Help Us Stop Hydro Development on Big Canyon
In the ongoing saga of hydro dam developments proposed within striking distance of Grand Canyon National Park, American Whitewater is asking for help from the paddling community to stop a development that would impact the greater Grand Canyon area and its tributaries. Back in October 2019, we wrote an article outlining the proposal submitted by Phoenix-based hydroelectric company Pumped Hydro LLC to place two dams on the Little Colorado River, a tributary of the Colorado River’s mighty Grand Canyon. This proposal was met with a large amount of pushback for the cultural impact on indigenous tribes, ecological impacts, and water use. To address these concerns, Pumped Hydro decided to file an alternative (yet equally problematic) proposal for a hydro development on Big Canyon, a tributary of the Little Colorado River. The Big Canyon project permit application has been accepted into the Federal Energy Regulation Commission’s (FERC) registrar, initiating a public comment period on the project ending August 1 and we need members of the paddling community to step up and make their voices heard.
When Pumped Hydro first filed their permit for the Little Colorado River, we knew that this would pose a large threat to one of the most beautiful rivers in the west. The Little Colorado is a tributary to the Grand Canyon and provides incredible opportunities to explore both on foot and by boat. The Little Colorado River has beautiful naturally occurring turquoise colored water at the bottom of skyward reaching canyon walls. For kayakers, it provides roughly 55 miles of class III/IV whitewater and paddlers have either paddled the entire stretch from the beginning of the river or hiked up from the confluence as part of a Grand Canyon trip. The run has been revered as a must-do desert river for any river enthusiast, and the proposed development threatens this gem’s very existence. Realizing the immense opposition to a hydro development on the Little Colorado River, Pumped Hydro decided to look towards Big Canyon as an alternative.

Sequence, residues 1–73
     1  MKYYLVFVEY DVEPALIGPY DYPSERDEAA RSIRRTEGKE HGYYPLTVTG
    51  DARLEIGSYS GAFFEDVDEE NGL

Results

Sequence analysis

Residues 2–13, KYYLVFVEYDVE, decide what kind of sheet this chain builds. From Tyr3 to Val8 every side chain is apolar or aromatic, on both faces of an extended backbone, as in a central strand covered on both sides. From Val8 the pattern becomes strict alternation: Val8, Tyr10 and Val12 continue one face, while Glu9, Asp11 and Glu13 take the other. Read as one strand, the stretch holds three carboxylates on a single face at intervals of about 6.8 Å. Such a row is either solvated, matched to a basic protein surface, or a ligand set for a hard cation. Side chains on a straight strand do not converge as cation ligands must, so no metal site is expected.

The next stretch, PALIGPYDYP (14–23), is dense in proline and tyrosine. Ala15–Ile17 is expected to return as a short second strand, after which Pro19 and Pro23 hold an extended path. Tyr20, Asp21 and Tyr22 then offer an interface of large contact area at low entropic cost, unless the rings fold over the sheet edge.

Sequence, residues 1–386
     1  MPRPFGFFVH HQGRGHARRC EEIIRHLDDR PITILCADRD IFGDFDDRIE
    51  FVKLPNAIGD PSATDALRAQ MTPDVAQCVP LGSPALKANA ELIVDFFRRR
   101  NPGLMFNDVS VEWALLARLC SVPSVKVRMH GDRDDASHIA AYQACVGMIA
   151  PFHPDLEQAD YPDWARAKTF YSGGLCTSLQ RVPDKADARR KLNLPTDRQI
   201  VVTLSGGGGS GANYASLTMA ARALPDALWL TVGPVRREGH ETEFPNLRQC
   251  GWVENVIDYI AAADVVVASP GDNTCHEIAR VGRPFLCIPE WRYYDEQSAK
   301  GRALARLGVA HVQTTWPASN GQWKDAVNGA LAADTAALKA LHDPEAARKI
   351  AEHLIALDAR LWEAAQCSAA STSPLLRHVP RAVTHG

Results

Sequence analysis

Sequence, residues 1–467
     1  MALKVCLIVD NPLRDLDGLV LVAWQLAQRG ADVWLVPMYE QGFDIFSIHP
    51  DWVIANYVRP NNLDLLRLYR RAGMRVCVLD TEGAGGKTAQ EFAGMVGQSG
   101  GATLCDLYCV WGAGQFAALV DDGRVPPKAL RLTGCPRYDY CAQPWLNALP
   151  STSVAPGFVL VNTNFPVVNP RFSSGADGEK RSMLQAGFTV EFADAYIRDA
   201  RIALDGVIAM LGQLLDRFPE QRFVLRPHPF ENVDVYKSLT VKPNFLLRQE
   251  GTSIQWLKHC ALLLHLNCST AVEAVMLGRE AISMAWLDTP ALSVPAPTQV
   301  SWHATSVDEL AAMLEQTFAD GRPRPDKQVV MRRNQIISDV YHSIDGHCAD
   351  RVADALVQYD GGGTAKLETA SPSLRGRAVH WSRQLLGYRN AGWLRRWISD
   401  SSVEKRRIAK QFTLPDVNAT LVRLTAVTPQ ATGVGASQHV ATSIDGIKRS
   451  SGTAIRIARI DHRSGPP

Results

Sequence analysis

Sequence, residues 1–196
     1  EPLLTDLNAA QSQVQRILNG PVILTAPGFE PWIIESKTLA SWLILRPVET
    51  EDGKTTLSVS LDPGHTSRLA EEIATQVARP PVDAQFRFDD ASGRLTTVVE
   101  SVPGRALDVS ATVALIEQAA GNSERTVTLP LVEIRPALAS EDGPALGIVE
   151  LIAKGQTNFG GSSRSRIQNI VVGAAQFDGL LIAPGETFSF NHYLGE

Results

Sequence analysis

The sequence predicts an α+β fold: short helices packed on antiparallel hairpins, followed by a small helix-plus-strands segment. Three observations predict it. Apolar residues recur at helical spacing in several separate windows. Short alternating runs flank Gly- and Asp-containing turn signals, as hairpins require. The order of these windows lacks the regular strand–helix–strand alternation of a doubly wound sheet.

Big Canyon is a tributary of the Little Colorado River which provides in-stream flows to the river as well as recreational opportunities for canyoneering. The project entails building a dam in Big Canyon and drilling wells to fill the dam in an attempt to alleviate the aquatic impacts associated with the Little Colorado project. However, this project has its own set of potentially detrimental impacts and should be dead on arrival. For starters, the project would take place on Navajo land and develop and flood indigenous land that has great cultural and spiritual significance towards several Native American tribes. The Navajo, Hopi, and Hualapai tribes have filed formal opposition to the proposed Little Colorado dams in 2019, and Stanley Pollack, a Navajo Nation attorney has spoken out against the most recent Big Canyon dam proposal on behalf of the nation stating “This [new proposal] is still a problem because the Little Colorado River Gorge is protected by The Navajo Nation for its cultural and wildlife resources”. Howard Dennis, a clan leader of the Hopi village in Mishongnovi, has also spoken out against the project on behalf of the Hopi tribe stating, “I think [The Big Canyon Project] is going to be even worse because when you’re sucking up groundwater, you’re taking it from the springs”. In addition, the proposed dams would flood hundreds of acres of land that are relied upon by local, rural communities and forever change the ecosystem of Big Canyon, the Little Colorado River, and the Grand Canyon itself.